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Pathway to 50% Brake Thermal Efficiency Using Gasoline Direct Injection Compression Ignition

Journal Article
2019-01-1154
ISSN: 2641-9637, e-ISSN: 2641-9645
Published April 02, 2019 by SAE International in United States
Pathway to 50% Brake Thermal Efficiency Using Gasoline Direct Injection Compression Ignition
Sector:
Citation: Sellnau, M., Foster, M., Moore, W., Sinnamon, J. et al., "Pathway to 50% Brake Thermal Efficiency Using Gasoline Direct Injection Compression Ignition," SAE Int. J. Adv. & Curr. Prac. in Mobility 1(4):1581-1603, 2019, https://doi.org/10.4271/2019-01-1154.
Language: English

Abstract:

Continued improvement in the combustion process of internal combustion engines is necessary to reduce fuel consumption, CO2 emissions, and criteria emissions for automotive transportation around the world. In this paper, test results for the Gen3X Gasoline Direct Injection Compression Ignition (GDCI) engine are presented. The engine is a 2.2L, four-cylinder, double overhead cam engine with compression ratio ~17. It features a “wetless” combustion system with a high-pressure direct injection fuel system. At low load, exhaust rebreathing and increased intake air temperature were used to promote autoignition and elevate exhaust temperatures to maintain high catalyst conversion efficiency. For medium-to-high loads, a new GDCI-diffusion combustion strategy was combined with advanced single-stage turbocharging to produce excellent low-end torque and power. Time-to-torque (TT) simulations indicated 90% load response in less than 1.5 seconds without a supercharger. For cold starts, the engine is equipped with a fast 2.5kW electric air heater positioned upstream of the intake valves. No spark plugs are used.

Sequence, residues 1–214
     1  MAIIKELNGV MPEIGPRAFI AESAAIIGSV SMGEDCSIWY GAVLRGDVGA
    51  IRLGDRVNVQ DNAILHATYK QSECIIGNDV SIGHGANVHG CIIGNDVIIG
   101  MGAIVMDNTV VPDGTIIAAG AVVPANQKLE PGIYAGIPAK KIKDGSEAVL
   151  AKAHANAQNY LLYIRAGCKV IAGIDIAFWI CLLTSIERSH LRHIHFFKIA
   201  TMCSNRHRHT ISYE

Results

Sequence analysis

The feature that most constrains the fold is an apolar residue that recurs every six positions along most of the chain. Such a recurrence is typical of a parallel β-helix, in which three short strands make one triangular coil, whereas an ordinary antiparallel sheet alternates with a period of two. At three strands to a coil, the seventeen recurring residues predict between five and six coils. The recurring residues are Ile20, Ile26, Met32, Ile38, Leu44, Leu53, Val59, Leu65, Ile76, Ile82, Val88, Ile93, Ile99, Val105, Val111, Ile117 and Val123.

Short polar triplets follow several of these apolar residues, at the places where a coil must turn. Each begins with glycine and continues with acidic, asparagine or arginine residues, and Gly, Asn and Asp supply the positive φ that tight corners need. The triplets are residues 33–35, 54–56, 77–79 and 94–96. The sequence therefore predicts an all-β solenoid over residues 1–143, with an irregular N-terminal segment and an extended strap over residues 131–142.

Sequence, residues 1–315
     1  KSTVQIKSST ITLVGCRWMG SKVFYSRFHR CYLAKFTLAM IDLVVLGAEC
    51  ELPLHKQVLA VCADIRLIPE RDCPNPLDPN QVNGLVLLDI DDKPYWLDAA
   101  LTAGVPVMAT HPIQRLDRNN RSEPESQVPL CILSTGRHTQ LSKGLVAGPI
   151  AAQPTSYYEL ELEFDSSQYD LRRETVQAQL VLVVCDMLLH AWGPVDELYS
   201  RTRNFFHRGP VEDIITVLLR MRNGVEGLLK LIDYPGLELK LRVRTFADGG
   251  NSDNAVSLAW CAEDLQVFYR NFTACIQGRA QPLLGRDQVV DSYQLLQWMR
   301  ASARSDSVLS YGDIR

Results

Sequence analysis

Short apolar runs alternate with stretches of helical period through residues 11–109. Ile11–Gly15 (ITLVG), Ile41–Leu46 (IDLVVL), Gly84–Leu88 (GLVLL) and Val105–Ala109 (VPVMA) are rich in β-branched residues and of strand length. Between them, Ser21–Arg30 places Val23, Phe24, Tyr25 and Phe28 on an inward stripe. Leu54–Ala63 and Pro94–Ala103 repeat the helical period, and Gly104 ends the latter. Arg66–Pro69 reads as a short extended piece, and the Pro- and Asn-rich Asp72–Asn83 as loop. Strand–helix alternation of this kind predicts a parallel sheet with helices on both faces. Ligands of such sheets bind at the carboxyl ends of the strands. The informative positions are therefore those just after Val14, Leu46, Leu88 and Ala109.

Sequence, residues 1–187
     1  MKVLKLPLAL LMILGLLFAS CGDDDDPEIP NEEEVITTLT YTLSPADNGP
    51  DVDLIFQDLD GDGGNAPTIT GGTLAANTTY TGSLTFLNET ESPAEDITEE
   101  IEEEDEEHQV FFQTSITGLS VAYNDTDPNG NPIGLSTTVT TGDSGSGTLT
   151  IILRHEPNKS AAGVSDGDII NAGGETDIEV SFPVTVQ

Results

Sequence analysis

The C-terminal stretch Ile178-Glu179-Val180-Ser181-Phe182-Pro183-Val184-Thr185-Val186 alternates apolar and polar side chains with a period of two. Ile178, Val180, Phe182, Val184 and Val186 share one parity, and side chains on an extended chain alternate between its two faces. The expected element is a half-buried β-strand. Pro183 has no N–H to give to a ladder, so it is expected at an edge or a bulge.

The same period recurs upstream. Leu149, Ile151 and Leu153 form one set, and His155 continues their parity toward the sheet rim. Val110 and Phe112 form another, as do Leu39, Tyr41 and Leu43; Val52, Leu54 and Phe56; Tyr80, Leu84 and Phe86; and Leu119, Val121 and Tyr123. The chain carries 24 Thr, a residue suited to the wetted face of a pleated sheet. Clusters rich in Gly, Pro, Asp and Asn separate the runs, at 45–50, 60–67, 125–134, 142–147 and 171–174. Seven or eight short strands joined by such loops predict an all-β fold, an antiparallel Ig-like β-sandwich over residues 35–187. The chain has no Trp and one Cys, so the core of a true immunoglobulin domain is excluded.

Dynamometer tests indicated excellent fuel efficiency over the operating map. Minimum BSFC of 194 g/kWh (BTE 43%) was measured at 1750rpm- 12bar IMEP with BSFC less than 210 (40% BTE) over a very wide operating region. The GDCI engine operates on US pump gasoline (RON91) and is ideal for down speeding and uploading for improved vehicle fuel economy. New simulations showed that potentially 48% BTE could be achieved through use of thermal barrier coatings and other improvements to the engine (Gen4X engine).
Vehicle simulations were performed at Argonne using the Gen3X engine map for a midsize sedan, SUVs, and a pickup truck. Results indicated a 36 to 51% improvement in combined FTP fuel economy over a competitive 2015 1.6L turbocharged GDi engine equipped with intake variable valve lift. The simulations showed that the Gen3X engine with 12V start/stop or mild hybridization can compete with full hybrid powertrains in various vehicle segments.